Apparently, the new way to become a pop-culture icon is to have a humdrum vocation.

Witness the two (yes, two) movies about mall cops now playing at your local multiplex -- quite possibly at a locale where a real-life rendition is lollygagging about.

Or the fact that it's almost impossible to surf through heretofore highbrow-ish cable networks such as A&E, Discovery and the History Channel without encountering commercial fishermen, truck drivers, tree-cutters or bail-bond henchmen. As the stars of the show, no less.

This is all worthwhile work, to be sure, but even the most grandiose Joe and Josephine Lunchbucket probably never thought of what they do as TV or movie fodder.

Well, think again. With 57 channels and virtually nothing on, and with Hollywood poohbahs a lock to ape the stunning success of "Paul Blart: Mall Cop," we're guaranteed a plethora of programming about prosaic professions. A few possibilities:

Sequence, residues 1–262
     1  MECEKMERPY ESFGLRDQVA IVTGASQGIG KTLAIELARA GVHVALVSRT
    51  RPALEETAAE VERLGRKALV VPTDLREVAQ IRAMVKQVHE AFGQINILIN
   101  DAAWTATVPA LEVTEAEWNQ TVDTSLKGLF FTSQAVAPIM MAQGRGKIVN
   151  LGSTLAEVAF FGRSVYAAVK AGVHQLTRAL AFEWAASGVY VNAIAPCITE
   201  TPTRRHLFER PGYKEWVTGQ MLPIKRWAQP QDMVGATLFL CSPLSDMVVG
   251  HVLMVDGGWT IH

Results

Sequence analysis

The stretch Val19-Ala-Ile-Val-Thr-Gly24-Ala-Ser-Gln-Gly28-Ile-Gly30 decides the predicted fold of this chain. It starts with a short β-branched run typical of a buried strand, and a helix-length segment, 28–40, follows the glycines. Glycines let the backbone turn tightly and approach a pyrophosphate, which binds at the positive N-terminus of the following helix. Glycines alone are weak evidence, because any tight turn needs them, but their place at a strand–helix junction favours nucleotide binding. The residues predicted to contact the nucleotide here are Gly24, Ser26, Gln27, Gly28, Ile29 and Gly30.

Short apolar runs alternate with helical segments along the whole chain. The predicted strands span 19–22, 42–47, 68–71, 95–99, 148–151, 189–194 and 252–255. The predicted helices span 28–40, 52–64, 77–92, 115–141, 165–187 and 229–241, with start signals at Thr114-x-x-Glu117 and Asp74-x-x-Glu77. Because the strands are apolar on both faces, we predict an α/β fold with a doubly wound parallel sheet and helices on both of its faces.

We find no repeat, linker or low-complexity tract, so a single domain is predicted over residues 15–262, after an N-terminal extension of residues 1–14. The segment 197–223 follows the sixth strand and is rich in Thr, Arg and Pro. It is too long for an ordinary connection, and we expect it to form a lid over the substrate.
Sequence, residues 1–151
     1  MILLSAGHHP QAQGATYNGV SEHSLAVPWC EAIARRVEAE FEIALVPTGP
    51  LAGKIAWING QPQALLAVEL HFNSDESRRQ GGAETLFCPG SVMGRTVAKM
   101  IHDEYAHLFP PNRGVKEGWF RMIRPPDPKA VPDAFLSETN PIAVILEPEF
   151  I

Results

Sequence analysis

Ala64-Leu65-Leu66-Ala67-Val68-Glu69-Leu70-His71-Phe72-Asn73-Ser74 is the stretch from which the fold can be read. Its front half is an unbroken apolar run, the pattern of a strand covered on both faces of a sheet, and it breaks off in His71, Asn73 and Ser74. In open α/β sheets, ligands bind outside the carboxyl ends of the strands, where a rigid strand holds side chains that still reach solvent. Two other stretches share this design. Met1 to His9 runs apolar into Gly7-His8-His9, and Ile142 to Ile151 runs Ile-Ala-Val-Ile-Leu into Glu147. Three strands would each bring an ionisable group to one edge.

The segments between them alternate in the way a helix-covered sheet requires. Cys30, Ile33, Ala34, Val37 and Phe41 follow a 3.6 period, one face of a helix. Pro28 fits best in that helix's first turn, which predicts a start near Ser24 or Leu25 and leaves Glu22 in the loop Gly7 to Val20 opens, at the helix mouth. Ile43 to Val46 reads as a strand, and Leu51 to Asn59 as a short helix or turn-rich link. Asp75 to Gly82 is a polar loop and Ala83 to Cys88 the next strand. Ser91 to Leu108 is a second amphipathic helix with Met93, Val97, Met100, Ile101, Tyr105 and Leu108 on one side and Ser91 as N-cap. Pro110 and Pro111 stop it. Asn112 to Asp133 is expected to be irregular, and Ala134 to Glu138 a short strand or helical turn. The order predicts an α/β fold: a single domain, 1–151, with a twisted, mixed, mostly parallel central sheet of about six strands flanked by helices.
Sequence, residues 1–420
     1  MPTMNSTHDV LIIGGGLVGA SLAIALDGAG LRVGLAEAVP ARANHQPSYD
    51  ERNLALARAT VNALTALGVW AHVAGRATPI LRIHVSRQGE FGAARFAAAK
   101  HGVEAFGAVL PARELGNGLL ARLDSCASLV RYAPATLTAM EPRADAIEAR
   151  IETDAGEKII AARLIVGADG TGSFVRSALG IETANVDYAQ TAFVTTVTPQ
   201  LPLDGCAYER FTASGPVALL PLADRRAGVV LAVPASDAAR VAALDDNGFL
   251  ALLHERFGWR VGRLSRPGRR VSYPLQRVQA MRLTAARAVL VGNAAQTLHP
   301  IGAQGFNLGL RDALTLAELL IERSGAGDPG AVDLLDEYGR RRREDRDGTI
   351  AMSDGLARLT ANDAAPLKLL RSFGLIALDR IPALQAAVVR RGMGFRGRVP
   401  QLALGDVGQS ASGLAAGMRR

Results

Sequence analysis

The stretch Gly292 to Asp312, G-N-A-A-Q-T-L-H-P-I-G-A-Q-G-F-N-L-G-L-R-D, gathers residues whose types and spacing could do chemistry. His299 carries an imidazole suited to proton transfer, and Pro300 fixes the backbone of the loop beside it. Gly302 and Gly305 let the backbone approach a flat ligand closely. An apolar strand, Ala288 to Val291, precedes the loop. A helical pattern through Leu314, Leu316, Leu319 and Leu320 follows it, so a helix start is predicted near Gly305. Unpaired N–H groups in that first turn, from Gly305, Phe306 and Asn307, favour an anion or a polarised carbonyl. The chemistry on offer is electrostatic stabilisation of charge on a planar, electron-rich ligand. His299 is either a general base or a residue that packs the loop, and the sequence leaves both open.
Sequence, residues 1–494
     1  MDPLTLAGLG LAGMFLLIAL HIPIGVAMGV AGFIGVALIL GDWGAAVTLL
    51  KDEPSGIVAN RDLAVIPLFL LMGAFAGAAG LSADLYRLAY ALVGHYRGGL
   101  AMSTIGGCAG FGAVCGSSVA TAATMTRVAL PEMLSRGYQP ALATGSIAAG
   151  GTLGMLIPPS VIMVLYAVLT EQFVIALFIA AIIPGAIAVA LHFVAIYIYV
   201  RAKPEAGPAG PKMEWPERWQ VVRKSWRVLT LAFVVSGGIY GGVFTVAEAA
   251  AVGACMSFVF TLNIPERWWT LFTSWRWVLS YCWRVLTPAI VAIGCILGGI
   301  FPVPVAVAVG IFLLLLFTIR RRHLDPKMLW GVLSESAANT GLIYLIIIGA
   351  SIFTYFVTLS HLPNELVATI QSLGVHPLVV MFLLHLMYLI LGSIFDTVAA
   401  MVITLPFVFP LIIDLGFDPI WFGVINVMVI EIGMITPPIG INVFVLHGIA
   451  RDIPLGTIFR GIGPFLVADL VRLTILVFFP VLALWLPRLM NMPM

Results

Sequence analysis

"Pile Drivers": Snowplow operators, aka "The Men Behind the Blade," vie to see who can bury a parked Prius with the most speed and style. Winners get their very own Zambonis.

"Extreme Makeover: Meter Maid Edition": This groundbreaking series creates stars from several heretofore drab, women-dominated jobs besides the titular one, as cosmetologists, body-waxers, seamstresses and manicurists transform uniformed Plain Janes into Lovely Ritas.

"Clean Break": Janitors discuss the works of the masters and the back stories of artifacts as they apply special cleaning techniques to the loos at the Louvre, the galleries at the Guggenheim, etc.

"Pedicurists to the Stars": In-depth profiles of the folks who help ballet dancers, figure skaters, soccer players and the stars of sword-and-sandal epics put their best feet forward. Packaged with:

"Valets of the Dolls": An inside look at what inquiring drivers unearth in the consoles of celebrity bimbos lunching in El-Lay.

"Saul Smart: Shopping Cart Wrangler": A mild-mannered Target employee whiles away the days (highlight: multi-cart figure-eight races in the parking lot) until some crooks take all the cashiers hostage -- and he must take the law into his own hands.

"There's Nothing to See Here, Move Along, Please": Movie ushers compete to see who can nab the most under-aged patrons at an R-rated movie. Prizes include a backstage pass for an Usher concert and a cameo in the next "Jackass" movie.

Bill Ward • 612-673-7643